Saudi Arabia is almost certain to host the 2034 FIFA World Cup after the Australian Football Federation declined to participate in the bidding competition

Saudi Arabia is almost certain to host the 2034 FIFA World Cup after the Australian Football Federation declined to participate in the bidding competition. FIFA set a deadline on Tuesday for submitting bids to host the tournament, but Australia's decision to withdraw leaves Saudi Arabia as the only declared candidate.

"We have explored the possibility of bidding for the 2034 FIFA World Cup and, after taking into account all factors, have come to the conclusion not to proceed with a bid for the 2034 competition," Football Australia said in a statement.

FIFA still needs to officially approve Saudi Arabia as the host, a decision that is likely to be made next year, but victory now appears to be a formality for the oil-rich kingdom. This will be the culmination of Saudi Arabia's ambitious endeavor to become a major player in global sports, as it has already spent massive sums to attract dozens of star footballers to its domestic league, purchased the English football club Newcastle, launched the breakaway golf tour LIV, and hosted major boxing matches.

The sports spending program, approved by Saudi Crown Prince Mohammed bin Salman, has been described as sports washing to soften the national image, which is often associated with its position on women's rights and the 2018 murder of journalist Jamal Khashoggi.

FIFA President Gianni Infantino has established close ties with Saudi football and the Crown Prince personally, and it has long been believed that he is trying to steer global football competitions towards the kingdom.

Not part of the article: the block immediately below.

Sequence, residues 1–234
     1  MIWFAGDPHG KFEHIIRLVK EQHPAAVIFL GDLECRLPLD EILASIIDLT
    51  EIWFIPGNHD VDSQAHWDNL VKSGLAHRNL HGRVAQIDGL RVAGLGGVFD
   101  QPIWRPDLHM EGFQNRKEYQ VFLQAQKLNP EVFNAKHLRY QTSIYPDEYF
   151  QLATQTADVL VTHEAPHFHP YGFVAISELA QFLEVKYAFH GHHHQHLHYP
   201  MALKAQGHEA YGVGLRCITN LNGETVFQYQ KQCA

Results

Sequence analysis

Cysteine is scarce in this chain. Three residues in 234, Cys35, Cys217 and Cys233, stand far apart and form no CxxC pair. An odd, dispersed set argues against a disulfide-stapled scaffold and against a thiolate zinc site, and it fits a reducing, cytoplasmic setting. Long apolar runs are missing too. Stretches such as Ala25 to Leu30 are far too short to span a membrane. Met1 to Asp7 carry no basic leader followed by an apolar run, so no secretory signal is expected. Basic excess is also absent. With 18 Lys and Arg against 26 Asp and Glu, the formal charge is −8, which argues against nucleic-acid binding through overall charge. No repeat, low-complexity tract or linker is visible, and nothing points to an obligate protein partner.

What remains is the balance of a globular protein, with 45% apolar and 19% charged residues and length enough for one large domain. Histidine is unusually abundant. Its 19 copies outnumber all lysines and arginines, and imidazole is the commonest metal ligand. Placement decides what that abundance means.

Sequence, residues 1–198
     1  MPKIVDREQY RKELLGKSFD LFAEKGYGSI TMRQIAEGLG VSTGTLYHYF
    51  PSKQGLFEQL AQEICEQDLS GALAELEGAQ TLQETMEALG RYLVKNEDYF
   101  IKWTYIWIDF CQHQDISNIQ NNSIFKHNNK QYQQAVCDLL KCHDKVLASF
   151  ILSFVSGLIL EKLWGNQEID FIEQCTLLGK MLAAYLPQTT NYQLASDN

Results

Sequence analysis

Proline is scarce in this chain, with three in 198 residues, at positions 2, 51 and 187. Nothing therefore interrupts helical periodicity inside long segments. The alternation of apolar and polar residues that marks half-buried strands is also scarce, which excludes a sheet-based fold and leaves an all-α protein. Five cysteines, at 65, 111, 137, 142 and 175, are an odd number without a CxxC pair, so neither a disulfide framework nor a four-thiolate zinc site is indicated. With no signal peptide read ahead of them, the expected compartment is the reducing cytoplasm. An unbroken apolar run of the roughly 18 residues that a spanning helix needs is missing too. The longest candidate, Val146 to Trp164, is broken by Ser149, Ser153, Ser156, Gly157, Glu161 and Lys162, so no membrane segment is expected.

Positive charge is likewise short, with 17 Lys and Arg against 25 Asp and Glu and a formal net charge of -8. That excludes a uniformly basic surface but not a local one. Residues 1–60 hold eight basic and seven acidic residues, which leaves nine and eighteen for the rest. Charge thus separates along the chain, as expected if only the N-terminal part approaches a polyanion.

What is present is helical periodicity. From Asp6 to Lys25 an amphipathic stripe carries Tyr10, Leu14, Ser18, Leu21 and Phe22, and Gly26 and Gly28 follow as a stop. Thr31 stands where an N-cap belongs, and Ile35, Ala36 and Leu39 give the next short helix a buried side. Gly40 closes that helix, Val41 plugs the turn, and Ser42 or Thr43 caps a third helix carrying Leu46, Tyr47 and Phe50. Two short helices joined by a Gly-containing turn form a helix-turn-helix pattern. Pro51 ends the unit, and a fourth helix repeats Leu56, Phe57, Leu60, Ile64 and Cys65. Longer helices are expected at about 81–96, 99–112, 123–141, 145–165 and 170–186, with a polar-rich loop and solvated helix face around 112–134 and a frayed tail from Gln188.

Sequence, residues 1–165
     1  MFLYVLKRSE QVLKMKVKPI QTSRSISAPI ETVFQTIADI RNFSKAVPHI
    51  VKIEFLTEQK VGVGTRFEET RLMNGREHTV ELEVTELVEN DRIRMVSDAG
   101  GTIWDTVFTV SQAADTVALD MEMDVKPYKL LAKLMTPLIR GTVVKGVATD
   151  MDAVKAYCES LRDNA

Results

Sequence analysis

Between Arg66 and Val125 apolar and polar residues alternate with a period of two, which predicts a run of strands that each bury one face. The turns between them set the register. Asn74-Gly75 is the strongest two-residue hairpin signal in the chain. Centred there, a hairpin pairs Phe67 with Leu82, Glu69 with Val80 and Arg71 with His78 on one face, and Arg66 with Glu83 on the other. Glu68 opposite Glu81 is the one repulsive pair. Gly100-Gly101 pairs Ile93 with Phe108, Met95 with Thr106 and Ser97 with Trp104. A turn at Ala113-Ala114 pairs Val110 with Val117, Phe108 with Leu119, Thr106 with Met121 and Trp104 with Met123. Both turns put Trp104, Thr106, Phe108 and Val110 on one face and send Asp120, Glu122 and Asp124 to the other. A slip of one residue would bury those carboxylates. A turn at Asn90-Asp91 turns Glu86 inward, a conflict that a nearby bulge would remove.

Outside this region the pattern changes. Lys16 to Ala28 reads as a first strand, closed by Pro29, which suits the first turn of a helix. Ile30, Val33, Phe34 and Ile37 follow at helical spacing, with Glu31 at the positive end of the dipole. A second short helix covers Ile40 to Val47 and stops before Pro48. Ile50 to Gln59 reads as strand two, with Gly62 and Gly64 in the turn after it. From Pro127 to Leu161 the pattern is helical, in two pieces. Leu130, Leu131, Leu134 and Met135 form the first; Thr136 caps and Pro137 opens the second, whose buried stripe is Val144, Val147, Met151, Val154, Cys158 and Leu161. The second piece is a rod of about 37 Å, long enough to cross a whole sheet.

By awarding the hosting of the 2030 FIFA World Cup to a joint bid by Spain, Portugal, and Morocco (which will also feature games in South America), FIFA earlier this month decided to expedite the hosting of the 2034 FIFA World Cup, allowing only member federations from Asia and Oceania to participate. Due to the tight timeline, they had less than four weeks to join the race by Tuesday and just one month more to sign the tender agreement, which requires government support.

A few hours after FIFA's announcement, the Saudi Arabian Football Federation declared its intention to bid, and the Asian Football Confederation (AFC), which includes Australia, announced its support for the kingdom's bid to bring the World Cup back to the Middle East after neighboring Qatar hosted the tournament in 2022.

Qatar will hold the European club football season in November and December to avoid the scorching summer months, and the tournament in Saudi Arabia is likely to be rescheduled from the traditional June-July period.

Indonesia's football association initially expressed interest in a joint bid with Australia, possibly alongside Malaysia and Singapore, but that interest vanished when Indonesia instead threw its support behind Saudi Arabia.

Instead, Australia will try to secure the rights to host the Club World Cup in 2029, which will be revamped in a new format starting in 2025, featuring 32 teams every four years, as well as the AFC Women's Asian Cup in 2026.

Australia and New Zealand successfully hosted the Women's World Cup in July and August. Brisbane, Queensland, is set to become the third Australian city to host the Olympic Games when the 2032 Summer Games are held there.